||**||V|~||~||~|A different kind of mouse that has not yet officially been launched in the market comes from 3M. Called the 3M Renaissance mouse, this design, which allows the user to mouse with a more neutral forearm position, was compared to a mouse of traditional design. According to research material released by the company, “after using the new mouse for six months, a significant reduction in pain intensity and duration for the wrist/hand, forearm, shoulder and neck was reported in comparison to a control group.” This mouse allows for a handshake posture as opposed to the traditional palm down posture. The vertical grip is said to reduce the pressure on the wrist’s median nerve and reduce the muscle load while using the mouse. The larger muscles in the arm are used rather than smaller muscles in the fingers.

While most other companies have decided to introduce ergonomic changes within existing designs, 3M clearly takes a radically different route even at the stage of conceptualising ergonomic products. Moreover, 3M has introduced a variety of such innovative products into the market. Some that are available in the market include gel-filled wrist rests and mouse pads as well as adjustable notebook platforms. These gel-filled wrist rests come with a lifetime warranty and place the keyboard and mouse on the same level. Endorsed by the American Chiropractic Association, these wrist-rests come with an integrated base plate, which helps to float the wrist rest off the edge of the desk when space on the table is limited. The good thing about this wrist-rest is that it accommodates most keyboards, encourages neutral wrist position to reduce wrist fatigue and discomfort and retrofits to existing workstations.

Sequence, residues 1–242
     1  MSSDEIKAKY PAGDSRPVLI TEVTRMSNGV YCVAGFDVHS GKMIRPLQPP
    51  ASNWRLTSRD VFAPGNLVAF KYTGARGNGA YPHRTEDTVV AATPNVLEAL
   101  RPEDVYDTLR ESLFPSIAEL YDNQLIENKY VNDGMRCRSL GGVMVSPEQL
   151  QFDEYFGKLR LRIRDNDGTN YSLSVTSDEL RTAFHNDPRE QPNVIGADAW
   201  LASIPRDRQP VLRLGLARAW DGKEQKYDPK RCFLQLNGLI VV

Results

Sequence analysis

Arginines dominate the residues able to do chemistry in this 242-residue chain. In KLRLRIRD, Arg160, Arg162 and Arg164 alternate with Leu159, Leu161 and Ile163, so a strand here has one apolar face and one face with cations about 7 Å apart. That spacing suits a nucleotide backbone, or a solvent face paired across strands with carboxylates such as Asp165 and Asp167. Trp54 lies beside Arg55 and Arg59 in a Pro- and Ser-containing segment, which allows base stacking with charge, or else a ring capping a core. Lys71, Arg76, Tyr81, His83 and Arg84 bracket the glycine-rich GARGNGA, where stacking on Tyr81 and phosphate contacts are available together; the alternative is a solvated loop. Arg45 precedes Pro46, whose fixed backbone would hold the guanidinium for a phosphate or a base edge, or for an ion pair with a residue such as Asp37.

But ergonomics is not limited to keyboards and mice. An important consideration in ergonomics is the screen in front of which we sit and do our work everyday. According to a white paper study released by ICEX, Inc., an independent research firm based in Boston, large-screen monitors are associated with significant productivity and work quality benefits. According to the report, when Insight Enterprises, a US-based company used larger screens for their product management group, it is said to “have helped them achieve 50% to 100% productivity improvement in entering product information.” According to the company, this translated to a cost savings of about $20,000 per month.
The reasons for advocating bigger screens are several. They lessen fatigue and are said to help people multi-task better. They also reduce physical strain “because less scrolling means less ‘mousing’ and fewer keystrokes.” As a result of this, UK-based British Petroleum Co., the world’s third largest oil company, is said to have set 17” as the corporate standard for its new IT infrastructure being rolled out to 30,000 desktops worldwide. It has also deployed 1,000 high-end workstations with 17” multimedia monitors to support a global desktop videoconferencing capability.

||**||VI|~||~||~|Interviews conducted by ICEX showed that “having to scroll less was one of the biggest advantages of a large-screen monitor; reduced scrolling made employees more productive.” Product specialists at a computer software company said they would spend 20% more time scrolling if they did not have 17” screens. Two graphic designers at Insight who upgraded from 17” to 21” monitors estimated time savings of 10% and 25%. Moreover, TFT screens help more than CRT. Where the former cannot be implemented, employees should use anti-glare screens.

These are but a few of the ways in which the ergonomic needs of the office-going worker can be addressed. However, this focuses only on a tiny fraction of the science of ergonomics, which speaks about people doing different kinds of mechanical jobs in various fields of enterprise. However, a significant portion of those affected by the lack of good ergonomics is the office worker. Those who give it some thought while designing offices and purchasing furniture will ensure better employee productivity and well being, which, in turn, will boost a company’s bottom line.